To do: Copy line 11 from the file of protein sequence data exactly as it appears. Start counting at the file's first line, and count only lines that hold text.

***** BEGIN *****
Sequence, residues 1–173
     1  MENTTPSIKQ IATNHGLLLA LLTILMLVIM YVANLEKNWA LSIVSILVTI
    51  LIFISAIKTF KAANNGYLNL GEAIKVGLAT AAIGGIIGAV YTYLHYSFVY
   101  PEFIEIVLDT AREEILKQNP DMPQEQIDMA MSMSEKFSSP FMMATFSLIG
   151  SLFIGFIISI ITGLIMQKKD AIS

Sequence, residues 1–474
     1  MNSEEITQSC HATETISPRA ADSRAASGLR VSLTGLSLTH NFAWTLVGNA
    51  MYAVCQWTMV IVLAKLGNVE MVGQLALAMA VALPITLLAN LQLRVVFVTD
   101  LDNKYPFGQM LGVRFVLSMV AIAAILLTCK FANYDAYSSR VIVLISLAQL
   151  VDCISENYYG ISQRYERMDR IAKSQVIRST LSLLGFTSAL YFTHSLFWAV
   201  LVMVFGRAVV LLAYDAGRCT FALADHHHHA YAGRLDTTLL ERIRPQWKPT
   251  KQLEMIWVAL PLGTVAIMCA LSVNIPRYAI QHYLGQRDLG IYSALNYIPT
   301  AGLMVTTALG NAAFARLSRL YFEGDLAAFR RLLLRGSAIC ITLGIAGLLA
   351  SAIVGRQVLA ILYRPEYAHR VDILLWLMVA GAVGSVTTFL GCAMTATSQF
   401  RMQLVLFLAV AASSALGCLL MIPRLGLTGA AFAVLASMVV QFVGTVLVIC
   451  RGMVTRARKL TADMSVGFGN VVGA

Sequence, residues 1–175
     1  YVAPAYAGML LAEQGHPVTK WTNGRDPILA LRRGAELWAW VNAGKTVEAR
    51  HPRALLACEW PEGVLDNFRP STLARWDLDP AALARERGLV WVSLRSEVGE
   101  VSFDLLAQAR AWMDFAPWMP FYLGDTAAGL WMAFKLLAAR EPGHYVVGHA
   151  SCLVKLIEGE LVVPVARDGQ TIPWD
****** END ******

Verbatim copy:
   201  LVMVFGRAVV LLAYDAGRCT FALADHHHHA YAGRLDTTLL ERIRPQWKPT